March 13, 2013
On most of the planet this quake would have been unremarkable, but having shaken a population exceeding 7 million people, it earned some remarks. In fact, in the 24 hour period surrounding this earthquake there were 27 of similar or larger magnitude around the world, but this one earned the attention. (That link will probably update with time… if you need convincing you can just set up a “custom data feed” for March 11, 2013.)
The screen grab below shows all M4+ earthquakes that occurred on March 11, 2013. Most of these went unnoticed. Some were felt by many, but didn’t receive the (U.S.) coverage of the SoCal tremor.
I love seeing the bimodal reactions of southern Californians to an earthquake of this size. No doubt the unnerving sensation of the ground suddenly shuddering beneath you is frightening to many, but there seem to be just as many who could scarcely care less.
Watch as it disrupts (or doesn’t) the coverage of the nearby Indian Wells BNP Paribas Open tennis tournament:
Southern California news media pounced on it, looking for any harrowing story of alarm or toppled tchotchkes, but came up predictably empty handed given the light and fleeting nature of the shaking. One of the big stories was that this tremor served as a further successful natural test run of California’s nacent Early Warning system, thus far only shared among a handful of scientists while it awaits further successful tests without alarming the public.
The other interesting facet of the quake was the initial determination of its location and magnitude, which was ironically marred by having a sizeable precursory foreshock, a sizable and immediate aftershock, and great instrumental sensitivity/coverage. At the outset, seismic waves from the foreshock and aftershock, which were separated from the mainshock by 16 and 51 seconds, respectively, tricked the automated system into mislocating the source and origin time of shaking. Initially the USGS identified three earthquakes with magnitudes ranging from 4.7-5.1 that occurred within two minutes of each other. Of course to most of the populace that distinction in the wavetrain would have scarcely been discernable. It was moot anyway, because as the system and seismologists further processed additional data the true sequence of events became clear. A 2.3… 16 seconds… a 4.7… 51 seconds… a 3.0. Meanwhile the shaking from each of those was rippling outward through the L.A. region and desert, overlapping with each other in their rattling. This confusion is an interesting artifact of having a great, quickly responsive seismic network… that’s not quite dense enough to pick out the details of everything it detects right away.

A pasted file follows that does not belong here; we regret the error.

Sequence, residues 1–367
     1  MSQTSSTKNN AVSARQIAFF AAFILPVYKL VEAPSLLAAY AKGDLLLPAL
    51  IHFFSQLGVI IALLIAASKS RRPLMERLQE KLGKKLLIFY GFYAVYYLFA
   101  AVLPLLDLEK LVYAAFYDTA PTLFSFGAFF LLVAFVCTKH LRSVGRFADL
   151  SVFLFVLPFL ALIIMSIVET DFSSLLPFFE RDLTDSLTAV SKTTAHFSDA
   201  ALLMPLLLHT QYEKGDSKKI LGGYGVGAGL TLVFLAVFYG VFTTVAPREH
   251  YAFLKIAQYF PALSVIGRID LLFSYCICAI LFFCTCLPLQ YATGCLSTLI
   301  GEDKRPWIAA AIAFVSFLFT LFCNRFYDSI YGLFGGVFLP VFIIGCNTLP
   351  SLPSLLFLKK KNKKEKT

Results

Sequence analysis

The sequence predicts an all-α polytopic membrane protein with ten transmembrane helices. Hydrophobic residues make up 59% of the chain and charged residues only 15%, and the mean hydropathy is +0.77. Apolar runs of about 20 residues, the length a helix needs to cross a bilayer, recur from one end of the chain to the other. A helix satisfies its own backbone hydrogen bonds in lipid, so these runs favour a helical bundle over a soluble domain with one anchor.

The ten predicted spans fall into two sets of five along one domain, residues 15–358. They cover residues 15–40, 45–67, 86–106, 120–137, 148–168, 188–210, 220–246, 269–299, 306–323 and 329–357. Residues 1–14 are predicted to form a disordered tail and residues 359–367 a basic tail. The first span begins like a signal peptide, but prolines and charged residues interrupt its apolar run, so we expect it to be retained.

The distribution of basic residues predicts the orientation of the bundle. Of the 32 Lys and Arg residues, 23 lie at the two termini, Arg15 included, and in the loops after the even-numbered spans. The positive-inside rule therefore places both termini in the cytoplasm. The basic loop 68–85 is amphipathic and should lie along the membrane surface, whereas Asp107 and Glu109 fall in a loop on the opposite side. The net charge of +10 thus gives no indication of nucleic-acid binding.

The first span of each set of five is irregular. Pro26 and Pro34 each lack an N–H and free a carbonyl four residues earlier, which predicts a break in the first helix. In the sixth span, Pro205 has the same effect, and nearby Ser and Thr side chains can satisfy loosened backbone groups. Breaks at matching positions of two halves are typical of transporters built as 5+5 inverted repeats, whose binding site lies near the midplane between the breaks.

Southern California’s dense seismic network allows detection of minuscule earthquakes, so there is a rich foreshock and aftershock sequence evident surrounding the mainshock hypocenter. Viewing the list of foreshocks makes me intensely curious about the nucleation process of larger earthquakes.
The L.A. Times has a good informative piece about the quake and its regional significance as expressed by USGS scientists:
By the way, “Shake-Up Call” is totally in.